Turkey reacts to threat of US sanctions with military deployment near Syria

Turkish army tanks gather close to the Syrian border at Hassa in Hatay province, a southern Turkish province on the Mediterranean coast. (AFP)
Updated 14 July 2019

Turkey reacts to threat of US sanctions with military deployment near Syria

  • Significant deployment of heavy weapons has taken place near the strategic northern border town of Tal Abyad, controlled by the Syrian Kurdish YPG militia

ANKARA: An increase in Turkish military deployments near the Turkish-Syrian border has raised fears of an extensive conflict east of the Euphrates.

A significant deployment of heavy weapons has taken place near the strategic northern border town of Tal Abyad, controlled by the Syrian Kurdish YPG militia. The control of Tal Abyad helped the YPG connect noncontiguous territory in northern Syria and organizing it into cantons such as Afrn, Kobani and Al-Jazira.

The Turkish operation into Syria might be linked with the risk of approaching US sanctions through the Countering America’s Adversaries Through Sanctions Act (CAATSA) over the purchase of Russia’s S-400 missile defense system.

A US delegation is set to arrive Ankara next week, and military movements by Turkey in Syria are expected to form part of its agenda.

Dr. Sinan Hatahet, a Syrian analyst based in Istanbul, believed that conflict was unlikely because there are ongoing negotiations about the safe zone in northern Syria and Manbij.

“Both countries are still resolved to solve their bilateral issues through diplomatic channels. But if the US impose sanctions, it could harm this long-dated relationship,” Hatahet said.

The Turkish military has initiated troop deployments several times over recent years to put pressure on the US to realize its agreement in the northern city of Manbij.

“The only unique aspect of this deployment is that it is happening just after the delivery of S-400 components. The American priority in Syria is to advance negotiations for a political solution and to challenge Iranian expansion,” Hatahet said.

Mehmet Emin Cengiz, a research assistant at the Al Sharq Forum in Istanbul, said even though Ankara constantly emphasizes its willingness to find a workable solution in northern Syria, US sanction threats could lead Turkey to consider new options.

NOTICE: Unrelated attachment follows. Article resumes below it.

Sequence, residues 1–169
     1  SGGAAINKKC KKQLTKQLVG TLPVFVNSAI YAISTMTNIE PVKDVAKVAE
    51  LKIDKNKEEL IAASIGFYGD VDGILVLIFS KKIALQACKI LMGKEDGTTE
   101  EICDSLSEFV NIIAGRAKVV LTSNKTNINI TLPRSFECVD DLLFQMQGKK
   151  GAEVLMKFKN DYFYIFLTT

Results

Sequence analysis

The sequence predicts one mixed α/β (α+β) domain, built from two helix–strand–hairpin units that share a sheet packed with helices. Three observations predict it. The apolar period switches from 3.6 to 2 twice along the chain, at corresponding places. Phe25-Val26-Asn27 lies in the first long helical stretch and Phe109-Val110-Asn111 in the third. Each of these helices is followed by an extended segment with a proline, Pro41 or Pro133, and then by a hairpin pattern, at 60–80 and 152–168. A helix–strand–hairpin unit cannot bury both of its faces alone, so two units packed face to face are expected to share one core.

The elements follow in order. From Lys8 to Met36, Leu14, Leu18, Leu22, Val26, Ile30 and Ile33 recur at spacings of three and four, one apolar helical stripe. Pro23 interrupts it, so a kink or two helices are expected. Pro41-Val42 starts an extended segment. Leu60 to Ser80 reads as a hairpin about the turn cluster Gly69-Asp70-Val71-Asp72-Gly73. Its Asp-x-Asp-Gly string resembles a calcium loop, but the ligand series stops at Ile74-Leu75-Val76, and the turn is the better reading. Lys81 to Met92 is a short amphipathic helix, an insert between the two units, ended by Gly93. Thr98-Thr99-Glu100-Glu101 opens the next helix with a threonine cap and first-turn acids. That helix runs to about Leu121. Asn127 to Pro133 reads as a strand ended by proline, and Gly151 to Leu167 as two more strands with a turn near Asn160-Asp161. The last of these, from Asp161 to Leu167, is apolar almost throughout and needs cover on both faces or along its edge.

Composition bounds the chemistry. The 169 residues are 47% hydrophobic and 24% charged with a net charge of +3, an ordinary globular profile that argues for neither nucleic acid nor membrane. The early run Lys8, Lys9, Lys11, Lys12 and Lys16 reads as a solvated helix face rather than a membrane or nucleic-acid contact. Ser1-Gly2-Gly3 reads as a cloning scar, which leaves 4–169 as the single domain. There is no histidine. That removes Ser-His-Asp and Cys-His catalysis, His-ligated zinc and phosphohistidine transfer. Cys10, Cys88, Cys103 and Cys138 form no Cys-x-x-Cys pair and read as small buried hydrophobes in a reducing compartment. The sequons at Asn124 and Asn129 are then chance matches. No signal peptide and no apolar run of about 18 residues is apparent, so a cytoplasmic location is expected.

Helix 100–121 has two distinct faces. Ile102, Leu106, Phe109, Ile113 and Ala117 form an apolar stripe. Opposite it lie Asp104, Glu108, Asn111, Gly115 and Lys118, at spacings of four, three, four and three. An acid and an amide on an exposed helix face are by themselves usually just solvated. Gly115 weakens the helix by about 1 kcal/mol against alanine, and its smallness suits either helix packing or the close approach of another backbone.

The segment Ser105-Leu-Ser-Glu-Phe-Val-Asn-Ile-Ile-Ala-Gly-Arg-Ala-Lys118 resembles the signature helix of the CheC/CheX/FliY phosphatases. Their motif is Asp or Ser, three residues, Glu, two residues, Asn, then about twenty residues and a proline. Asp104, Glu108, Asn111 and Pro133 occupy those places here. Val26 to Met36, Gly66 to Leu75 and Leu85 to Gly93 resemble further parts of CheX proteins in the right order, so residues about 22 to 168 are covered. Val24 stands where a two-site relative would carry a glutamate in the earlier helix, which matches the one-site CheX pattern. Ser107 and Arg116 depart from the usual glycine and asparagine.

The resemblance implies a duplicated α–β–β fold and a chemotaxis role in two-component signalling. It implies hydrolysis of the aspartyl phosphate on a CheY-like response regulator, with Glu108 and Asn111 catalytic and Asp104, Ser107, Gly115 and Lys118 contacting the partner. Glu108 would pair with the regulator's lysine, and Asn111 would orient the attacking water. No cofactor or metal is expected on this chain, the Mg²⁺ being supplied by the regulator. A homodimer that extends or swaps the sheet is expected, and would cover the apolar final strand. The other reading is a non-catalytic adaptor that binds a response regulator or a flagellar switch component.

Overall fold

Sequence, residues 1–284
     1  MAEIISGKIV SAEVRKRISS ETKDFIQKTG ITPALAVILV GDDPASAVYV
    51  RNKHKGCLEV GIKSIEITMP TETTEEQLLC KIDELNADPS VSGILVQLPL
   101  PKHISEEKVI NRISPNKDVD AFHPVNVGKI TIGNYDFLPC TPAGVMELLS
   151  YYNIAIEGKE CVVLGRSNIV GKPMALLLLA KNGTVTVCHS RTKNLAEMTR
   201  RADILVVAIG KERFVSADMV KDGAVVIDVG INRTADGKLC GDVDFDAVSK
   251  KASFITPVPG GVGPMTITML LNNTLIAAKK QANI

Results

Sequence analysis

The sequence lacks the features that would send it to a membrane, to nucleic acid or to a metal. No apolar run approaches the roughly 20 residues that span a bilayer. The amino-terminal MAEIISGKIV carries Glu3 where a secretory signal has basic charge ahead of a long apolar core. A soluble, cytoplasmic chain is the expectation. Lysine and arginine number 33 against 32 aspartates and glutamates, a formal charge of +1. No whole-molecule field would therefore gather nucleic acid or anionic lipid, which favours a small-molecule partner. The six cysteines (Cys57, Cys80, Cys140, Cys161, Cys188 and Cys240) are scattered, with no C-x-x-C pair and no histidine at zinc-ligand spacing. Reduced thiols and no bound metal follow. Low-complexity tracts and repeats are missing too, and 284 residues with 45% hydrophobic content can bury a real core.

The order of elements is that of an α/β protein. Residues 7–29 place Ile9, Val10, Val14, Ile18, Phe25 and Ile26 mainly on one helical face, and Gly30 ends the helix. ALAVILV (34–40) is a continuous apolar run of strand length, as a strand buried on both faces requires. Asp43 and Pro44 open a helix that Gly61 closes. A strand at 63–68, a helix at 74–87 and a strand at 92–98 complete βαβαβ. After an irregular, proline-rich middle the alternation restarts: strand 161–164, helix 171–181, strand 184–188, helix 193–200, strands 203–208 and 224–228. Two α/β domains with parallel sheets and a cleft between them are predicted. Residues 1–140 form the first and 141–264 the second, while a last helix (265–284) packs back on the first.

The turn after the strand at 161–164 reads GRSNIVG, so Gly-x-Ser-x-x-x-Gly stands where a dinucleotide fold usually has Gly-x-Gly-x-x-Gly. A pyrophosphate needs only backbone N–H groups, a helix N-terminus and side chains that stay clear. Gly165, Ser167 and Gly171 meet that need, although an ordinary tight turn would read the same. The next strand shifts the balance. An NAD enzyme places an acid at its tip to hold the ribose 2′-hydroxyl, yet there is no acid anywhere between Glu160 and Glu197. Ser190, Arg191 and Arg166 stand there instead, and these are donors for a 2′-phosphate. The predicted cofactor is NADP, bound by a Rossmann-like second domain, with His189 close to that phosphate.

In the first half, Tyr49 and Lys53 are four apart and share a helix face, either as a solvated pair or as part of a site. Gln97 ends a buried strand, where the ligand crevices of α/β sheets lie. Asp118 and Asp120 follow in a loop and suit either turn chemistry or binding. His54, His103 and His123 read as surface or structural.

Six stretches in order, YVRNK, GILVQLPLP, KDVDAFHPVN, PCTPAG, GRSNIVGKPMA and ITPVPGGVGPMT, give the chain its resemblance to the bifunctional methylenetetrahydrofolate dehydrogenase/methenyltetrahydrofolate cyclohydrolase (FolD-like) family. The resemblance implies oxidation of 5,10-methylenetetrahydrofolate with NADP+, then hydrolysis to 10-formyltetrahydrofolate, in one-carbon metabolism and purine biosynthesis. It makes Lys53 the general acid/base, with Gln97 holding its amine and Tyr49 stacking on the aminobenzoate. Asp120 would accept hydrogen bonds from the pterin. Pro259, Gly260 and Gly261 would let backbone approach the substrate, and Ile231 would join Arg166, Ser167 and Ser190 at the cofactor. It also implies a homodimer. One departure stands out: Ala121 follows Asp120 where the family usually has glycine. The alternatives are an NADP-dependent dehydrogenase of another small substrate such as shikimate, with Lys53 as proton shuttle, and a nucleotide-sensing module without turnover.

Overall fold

“If the US decides to impose harsh sanctions that will cripple the Turkish economy, Turkey can go for a unilateral military operation in Northern Syria. Sanctions might trigger a new military operation in the east of the Euphrates,” Cengiz said.

Cengiz believes that Ankara’s decision to amass troops along the Turkish-Syrian border adjacent to YPG-controlled areas is a direct signal to the US.

“Turkey has been losing its patience with the US in recent years. The Manbij issue has been problematic between the two sides for a long time. The shared plan for the city was not implemented for more than a year,” he added.

“The nature and scale of the planned safe zone in Northern Syria is still an issue between the two sides. The US seems to be clear in its decision to back the YPG in the future,” Cengiz added.

According to Cengiz, with this recent military deployment, Turkey is trying to strengthen its hand in response to US threats.

Joe Macaron, a fellow at the Arab Center in Washington, DC, thinks that Erdogan has two goals in mind: Influence Trump’s thinking on sanctions and react to the US’ decision last week to consider deploying European troops along the Syrian-Turkish border.

“Since Trump and his national security advisers are not talking in one voice on the S-400, Erdogan is trying to weigh in on this debate by highlighting the potential risks to US forces, however this move might further antagonize the US against Ankara,” he said.

“While Erdogan is trying to have leverage over the upcoming talks between the Turkish and American militaries regarding northern Syria, the unintended risk is provoking a confrontation with Kurdish forces, which might increase the cost of Turkish intervention in Syria at a critical time in Erdogan’s political future,” Macaron said.

In addition to CAATSA sanctions, Ankara could likely face punitive measures from Brussels. In response to Turkey’s gas drilling activities in Cypriot waters, the EU is also threatening to cut pre-accession funding to Ankara by €145.8 million ($164.6 million), Politico recently reported.


Egypt’s creative solutions to the plastic menace

Updated 24 August 2019